Meet Jack Houghton – the first West Midlands monitor farmer to be appointed post-pandemic. A young farm manager in his early thirties, he says his driver is to encourage more people to join the industry. “I’m often the youngest in the room. That has to change so that farming has a future.
“I’m not one for sitting around talking about new ideas – I want to get out and try them. If it goes wrong, it goes wrong, but you always learn something. And if I can share that learning, it’s even more useful. That’s why I’m excited about managing an AHDB Monitor Farm,” he says.
Jack runs DW Burton Farms in Wolverhampton – just over 800ha of owner-occupied land and farming agreements. His goals include stabilising the business, securing long-term tenancies and contract farming agreements, reducing inorganic inputs, and building soil organic matter.
But how does being a monitor farmer contribute towards those valiant ambitions? Dr Alex Ansell is AHDB’s cereals & oilseeds knowledge exchange manager for the West Midlands and Wales and will be supporting Jack as he undertakes practical trials, with results shared with local farmers at networking events.
Alex says the three-year programme has strong core principles. “It’s a farmer-led, farmer-driven project with business efficiency and benchmarking at the heart of its activity. It takes place on commercial farms providing a hands-on approach to personal and business development. This makes it attractive to other members of the farming community,” she explains.
What is a Monitor Farm?
The Monitor Farm concept first originated in New Zealand, was adopted in Scotland in 2003 and rolled out across England, Northern Ireland and Wales in 2014.
How it works is that a monitor farmer partners with their local AHDB knowledge exchange manager to host about five meetings each year. These farmer-led meetings provide the opportunity to find and share challenges and solutions, as well as spend time socialising with peers.
During the three years, every aspect of a farm business is scrutinised – with the host farm serving as a case study – from soil management to machinery policy, but with cost implications to the farm business always taking centre stage.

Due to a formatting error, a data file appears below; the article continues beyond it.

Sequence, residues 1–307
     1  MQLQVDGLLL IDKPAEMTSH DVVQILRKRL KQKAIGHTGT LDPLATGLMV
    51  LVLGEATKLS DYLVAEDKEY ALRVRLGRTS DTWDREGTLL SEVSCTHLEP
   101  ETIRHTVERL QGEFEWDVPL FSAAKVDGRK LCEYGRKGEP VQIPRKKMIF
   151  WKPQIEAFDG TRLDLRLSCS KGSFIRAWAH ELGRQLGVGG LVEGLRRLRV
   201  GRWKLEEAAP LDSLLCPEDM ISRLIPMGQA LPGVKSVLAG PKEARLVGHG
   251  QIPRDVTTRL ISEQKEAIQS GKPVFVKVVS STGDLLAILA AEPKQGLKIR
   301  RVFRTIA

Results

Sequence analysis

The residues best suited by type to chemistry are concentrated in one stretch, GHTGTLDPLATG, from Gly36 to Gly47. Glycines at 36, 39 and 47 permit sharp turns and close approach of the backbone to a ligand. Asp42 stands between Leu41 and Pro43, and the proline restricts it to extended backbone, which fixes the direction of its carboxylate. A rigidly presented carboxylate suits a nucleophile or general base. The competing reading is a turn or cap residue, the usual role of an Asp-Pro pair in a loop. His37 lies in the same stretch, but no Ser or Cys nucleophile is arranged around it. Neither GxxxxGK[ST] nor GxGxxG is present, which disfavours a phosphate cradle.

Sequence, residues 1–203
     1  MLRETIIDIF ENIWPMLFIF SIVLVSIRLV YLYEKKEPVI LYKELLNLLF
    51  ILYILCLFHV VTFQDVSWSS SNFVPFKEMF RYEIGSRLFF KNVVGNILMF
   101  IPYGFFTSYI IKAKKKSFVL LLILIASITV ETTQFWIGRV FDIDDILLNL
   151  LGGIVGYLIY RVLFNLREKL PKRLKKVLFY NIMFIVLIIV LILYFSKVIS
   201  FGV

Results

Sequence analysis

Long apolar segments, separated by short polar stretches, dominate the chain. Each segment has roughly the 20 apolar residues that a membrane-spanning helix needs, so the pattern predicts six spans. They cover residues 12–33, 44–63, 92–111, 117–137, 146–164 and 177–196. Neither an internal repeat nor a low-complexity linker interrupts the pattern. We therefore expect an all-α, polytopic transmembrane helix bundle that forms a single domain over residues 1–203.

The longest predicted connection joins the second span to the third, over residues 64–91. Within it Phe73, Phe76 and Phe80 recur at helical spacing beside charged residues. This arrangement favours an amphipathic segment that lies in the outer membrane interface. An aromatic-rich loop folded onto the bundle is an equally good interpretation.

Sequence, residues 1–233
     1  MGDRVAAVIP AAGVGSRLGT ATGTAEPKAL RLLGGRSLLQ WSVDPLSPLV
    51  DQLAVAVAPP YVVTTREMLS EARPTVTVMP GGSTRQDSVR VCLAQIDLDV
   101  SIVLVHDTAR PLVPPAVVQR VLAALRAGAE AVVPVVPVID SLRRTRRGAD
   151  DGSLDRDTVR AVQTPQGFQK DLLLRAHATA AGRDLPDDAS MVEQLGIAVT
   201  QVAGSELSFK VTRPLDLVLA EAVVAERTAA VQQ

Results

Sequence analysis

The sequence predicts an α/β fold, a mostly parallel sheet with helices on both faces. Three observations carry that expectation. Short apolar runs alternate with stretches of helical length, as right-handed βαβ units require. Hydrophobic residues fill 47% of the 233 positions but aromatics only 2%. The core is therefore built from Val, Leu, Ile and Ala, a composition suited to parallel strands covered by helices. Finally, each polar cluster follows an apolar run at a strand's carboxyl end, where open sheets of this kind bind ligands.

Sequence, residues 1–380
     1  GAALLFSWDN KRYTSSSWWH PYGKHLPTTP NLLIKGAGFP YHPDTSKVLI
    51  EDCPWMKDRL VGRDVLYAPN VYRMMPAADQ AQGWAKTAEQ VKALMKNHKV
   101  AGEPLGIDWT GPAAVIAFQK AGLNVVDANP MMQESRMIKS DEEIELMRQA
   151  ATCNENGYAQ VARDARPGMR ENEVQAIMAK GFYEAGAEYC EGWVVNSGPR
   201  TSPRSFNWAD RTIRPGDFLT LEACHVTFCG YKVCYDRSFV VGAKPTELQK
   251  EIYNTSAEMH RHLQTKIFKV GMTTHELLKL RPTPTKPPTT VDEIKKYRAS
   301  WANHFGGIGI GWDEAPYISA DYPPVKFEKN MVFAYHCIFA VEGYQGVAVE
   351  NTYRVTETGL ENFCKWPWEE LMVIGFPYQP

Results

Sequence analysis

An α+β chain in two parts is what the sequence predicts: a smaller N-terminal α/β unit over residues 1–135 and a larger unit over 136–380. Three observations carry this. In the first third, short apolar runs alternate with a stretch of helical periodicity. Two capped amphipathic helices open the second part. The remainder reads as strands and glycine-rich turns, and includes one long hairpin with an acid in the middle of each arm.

Alex says with a focus on making real developments in business management, improving productivity, competitiveness and environmental management, it’s about embracing innovative ideas, all with the support of AHDB and industry experts.
“It takes a special mix of qualities to be a monitor farmer. Jack is keen to try out new arable farming methods in practical ways, and to share the results with others so they can adopt successful techniques,” she says.
As for AHDB, Alex stresses that knowledge exchange is the backbone of the levy board’s offer to growers. “The knowledge exchange team is a key part of the service AHDB provides, facilitating peer-to-peer learning, carrying out on-farm research and connecting growers with the best information and expertise.
“This is enabled by our network of Strategic Farms, Monitor Farms and Arable Business Groups. With several of our Monitor Farms concluding in most regions this year, we’re eager to recruit more farmers to be involved to continue the good work, which is why we’re undertaking the recruitment campaign,” she concludes.
AHDB is recruiting in the following areas – Lancashire or Cumbria; North Yorkshire, Durham or Northumberland; Warwickshire, Worcestershire or Herefordshire; Lincolnshire; Essex; Devon or Cornwall; Oxfordshire, Hampshire, Surrey, Sussex or Kent; Wales (all). The closing date for applications is 1 March 2024.
For more information and to apply today, click here